Temptation has arisen for reeling Barcelona.
Forget Antoine Griezmann or Matthijs de Ligt. A former flame has rekindled their interest.
Paris Saint-Germain’s, apparent, desire to rid themselves of Neymar and his escalating problems has provided an intriguing twist to the La Liga champions’ summer transfer plans.
What better way to stop the ruptures caused by their Anfield humiliation than reunite the most electric attack club football has ever seen?
The allure is clear. Even if the Parisians’ world-record €222 million outlay must be recouped, plus wages far in excess of those earned when winning eight trophies and scoring 105 times from 185 run-outs between 2013-17.
Barca, however, should look beyond the obvious.
The exuberant Brazilian forward’s phenomenal gifts made his signature from Santos essential six years ago – whatever the institutional cost. This time, far more cogent arguments exist to pass up the opportunity than press on with it.
Magic appears when the ball is under Neymar’s sway. Flamboyant dribbling is allied with remarkable – and utterly ruthless – efficiency when chances appear.
An outstanding ratio of 60 strikes in 97 Brazil appearances speaks volumes. He should overtake the iconic Pele well before his 30th birthday as the grandest scorer in his nation’s history.
Neymar’s exploits in Catalonia have, also, continued in Paris. In Ligue 1 alone since he joined, 20 assists and 34 goals have been registered across 37 games.
These are figures that will make director of football Eric Abidal salivate.
The inexperienced administrator, however, should pay more attention to words than statistics when it comes to Neymar.
A transfer dance began this week when PSG president Nasser Al-Khelaifi told France Football that “I do not want to have any celebrity behaviour anymore” and “I want players proud to wear our jersey, not players who do the job when it suits them”.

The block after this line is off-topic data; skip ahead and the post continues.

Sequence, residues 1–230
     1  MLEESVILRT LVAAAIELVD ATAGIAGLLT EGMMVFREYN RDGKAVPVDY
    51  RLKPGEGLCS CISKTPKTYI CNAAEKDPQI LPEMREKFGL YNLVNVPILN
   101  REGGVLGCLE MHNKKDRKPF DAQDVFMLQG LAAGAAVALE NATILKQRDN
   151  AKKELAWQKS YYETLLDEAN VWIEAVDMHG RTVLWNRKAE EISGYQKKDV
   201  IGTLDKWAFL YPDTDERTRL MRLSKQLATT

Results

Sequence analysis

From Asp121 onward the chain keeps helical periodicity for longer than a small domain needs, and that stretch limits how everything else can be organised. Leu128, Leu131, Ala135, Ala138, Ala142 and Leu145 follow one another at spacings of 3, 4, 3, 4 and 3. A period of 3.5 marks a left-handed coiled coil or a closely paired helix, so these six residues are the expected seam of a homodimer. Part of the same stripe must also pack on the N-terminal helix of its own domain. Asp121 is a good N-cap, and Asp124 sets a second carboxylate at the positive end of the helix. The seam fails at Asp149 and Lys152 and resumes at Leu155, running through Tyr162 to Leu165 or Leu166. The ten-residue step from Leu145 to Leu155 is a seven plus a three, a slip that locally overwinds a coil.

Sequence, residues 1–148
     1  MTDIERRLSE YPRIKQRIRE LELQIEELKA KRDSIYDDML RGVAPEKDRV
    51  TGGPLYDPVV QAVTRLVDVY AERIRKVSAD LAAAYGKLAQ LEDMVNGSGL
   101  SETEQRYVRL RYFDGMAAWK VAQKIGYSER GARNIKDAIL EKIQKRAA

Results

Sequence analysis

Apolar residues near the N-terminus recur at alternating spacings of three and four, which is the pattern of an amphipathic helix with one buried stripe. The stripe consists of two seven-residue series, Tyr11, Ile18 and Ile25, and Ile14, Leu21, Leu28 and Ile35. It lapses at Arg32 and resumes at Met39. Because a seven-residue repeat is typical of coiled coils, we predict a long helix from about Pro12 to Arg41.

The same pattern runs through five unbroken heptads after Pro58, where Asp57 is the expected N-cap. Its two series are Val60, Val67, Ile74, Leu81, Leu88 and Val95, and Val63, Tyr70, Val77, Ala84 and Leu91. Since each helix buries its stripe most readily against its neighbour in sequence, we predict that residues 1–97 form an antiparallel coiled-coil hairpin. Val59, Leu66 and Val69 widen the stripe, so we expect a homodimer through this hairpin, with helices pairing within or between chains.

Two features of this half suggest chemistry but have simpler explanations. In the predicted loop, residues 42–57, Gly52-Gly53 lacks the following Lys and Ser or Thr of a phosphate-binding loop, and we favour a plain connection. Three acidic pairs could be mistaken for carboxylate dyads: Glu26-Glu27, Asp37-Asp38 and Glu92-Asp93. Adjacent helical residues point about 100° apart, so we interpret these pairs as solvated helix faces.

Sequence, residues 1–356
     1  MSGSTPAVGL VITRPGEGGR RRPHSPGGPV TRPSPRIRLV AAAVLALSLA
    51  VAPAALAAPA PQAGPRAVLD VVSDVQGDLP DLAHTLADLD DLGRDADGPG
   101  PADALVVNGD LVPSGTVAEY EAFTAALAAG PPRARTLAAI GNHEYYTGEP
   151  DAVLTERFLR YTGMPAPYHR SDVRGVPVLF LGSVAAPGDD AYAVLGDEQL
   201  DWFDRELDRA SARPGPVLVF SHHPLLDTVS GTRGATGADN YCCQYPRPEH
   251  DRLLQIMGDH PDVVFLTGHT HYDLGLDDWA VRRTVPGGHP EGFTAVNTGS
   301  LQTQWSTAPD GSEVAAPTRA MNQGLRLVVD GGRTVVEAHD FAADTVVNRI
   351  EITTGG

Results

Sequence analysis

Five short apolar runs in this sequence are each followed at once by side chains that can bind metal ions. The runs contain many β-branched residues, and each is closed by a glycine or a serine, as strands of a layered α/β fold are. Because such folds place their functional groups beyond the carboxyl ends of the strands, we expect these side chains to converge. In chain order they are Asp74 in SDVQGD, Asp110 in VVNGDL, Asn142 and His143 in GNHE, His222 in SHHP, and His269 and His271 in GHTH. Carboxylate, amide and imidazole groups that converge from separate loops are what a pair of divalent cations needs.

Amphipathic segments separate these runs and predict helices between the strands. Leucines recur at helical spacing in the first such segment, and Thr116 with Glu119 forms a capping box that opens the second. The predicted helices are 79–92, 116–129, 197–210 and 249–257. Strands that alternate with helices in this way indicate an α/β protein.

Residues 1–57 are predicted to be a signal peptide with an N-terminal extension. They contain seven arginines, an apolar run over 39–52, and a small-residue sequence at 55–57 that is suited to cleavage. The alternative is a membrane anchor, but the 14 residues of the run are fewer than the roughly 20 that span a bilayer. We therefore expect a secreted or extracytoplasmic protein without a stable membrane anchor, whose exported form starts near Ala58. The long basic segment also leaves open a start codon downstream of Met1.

Incendiary remarks that do not require rare acuity to determine whom they were directed at. Especially when the same interview contained a proclamation that France upstart Kylian Mbappe will “200 per cent” be at Parc des Princes for 2019/20.
Neymar picked up a three-match ban in May for lashing out at a supporter after defeat to Rennes in the Coupe de France showpiece. He will also miss half of next term’s Champions League group-stage matches because of a ban incurred for an Instagram rant in the immediate aftermath of PSG’s round-of-16 elimination at Manchester United’s hands.
Then there is the perceived special treatment that saw him, reportedly, lambaste ex-PSG boss Unai Emery’s video sessions to Al-Khelaifi, plus the growing entourage that follows him across the globe.
There is also the worrying fact that either through injury or other means, he’s been present for only 51.8 per cent of PSG’s fixtures since August 2017’s game-changing arrival.
Why stake so much on a player that you cannot entrust to perform?
Even before his latest fitness problem, Brazil boss Tite, tellingly, chose to strip him of the captaincy for the 2019 Copa America.
Ego was present at Barca. It is the fuel that burns his furnace.
The question his prospective employers – be that the Catalans, Real Madrid or Manchester United – have to ask themselves, is whether it is now completely out of control?
This is especially pertinent for Barca, where Lionel Messi is the undisputed king.
Neymar was unflinchingly deferential to him in the past. Will he be the same now he’s had a taste of life away from the Argentina icon’s shadow?
There is also the small matter of reintegrating into a dressing room stung by his departure. It’s doubtful proud centre-back Gerard Pique has forgotten the now infamous “Se queda” (he stays) tweet…
Barca’s pre-eminence in Spain also affords them the ability to plan strategically. Youth has been injected into midfield through Brazil’s Arthur and the Netherlands’ Frenkie de Jong.
Overtures for Atletico Madrid’s Griezmann make sense, because he is younger than resident centre forward Luis Suarez.
Great patience, faith and expense was handed to Ousmane Dembele as replacement for Neymar two years ago. Minus some suspect punctuality, the 22-year-old France winger now justifies this gentle approach.
His spot on the left wing in head coach Ernesto Valverde’s 4-3-3 formation, however, would be ceded to the returning Neymar. A player five years his senior.
The idea of using Dembele in a makeweight to lighten PSG’s cash demands screams of suspect short-termism.
There is pressure building at Camp Nou after eternal rivals Real Madrid lavished more than €300m in 2019.
Neymar’s cache as a bona fide superstar and lost idol would instantly calm some fears about usurpation. Even more so than Griezmann, who elicits mixed reaction in the club’s faithful.
But Barca must ignore the noise, sticking on the path they were forced to choose when Neymar stunningly decided to allow his release clause to be exercised.